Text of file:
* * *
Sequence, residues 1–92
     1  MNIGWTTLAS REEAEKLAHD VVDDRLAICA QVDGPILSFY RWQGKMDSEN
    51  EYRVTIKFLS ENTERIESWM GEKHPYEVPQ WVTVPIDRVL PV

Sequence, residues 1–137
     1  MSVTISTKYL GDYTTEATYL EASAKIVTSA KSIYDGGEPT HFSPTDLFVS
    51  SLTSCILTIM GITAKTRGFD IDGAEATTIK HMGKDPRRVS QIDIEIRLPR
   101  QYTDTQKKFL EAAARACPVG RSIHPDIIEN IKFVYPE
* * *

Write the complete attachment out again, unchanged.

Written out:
Sequence, residues 1–92
     1  MNIGWTTLAS REEAEKLAHD VVDDRLAICA QVDGPILSFY RWQGKMDSEN
    51  EYRVTIKFLS ENTERIESWM GEKHPYEVPQ WVTVPIDRVL PV

Sequence, residues 1–137
     1  MSVTISTKYL GDYTTEATYL EASAKIVTSA KSIYDGGEPT HFSPTDLFVS
    51  SLTSCILTIM GITAKTRGFD IDGAEATTIK HMGKDPRRVS QIDIEIRLPR
   101  QYTDTQKKFL EAAARACPVG RSIHPDIIEN IKFVYPE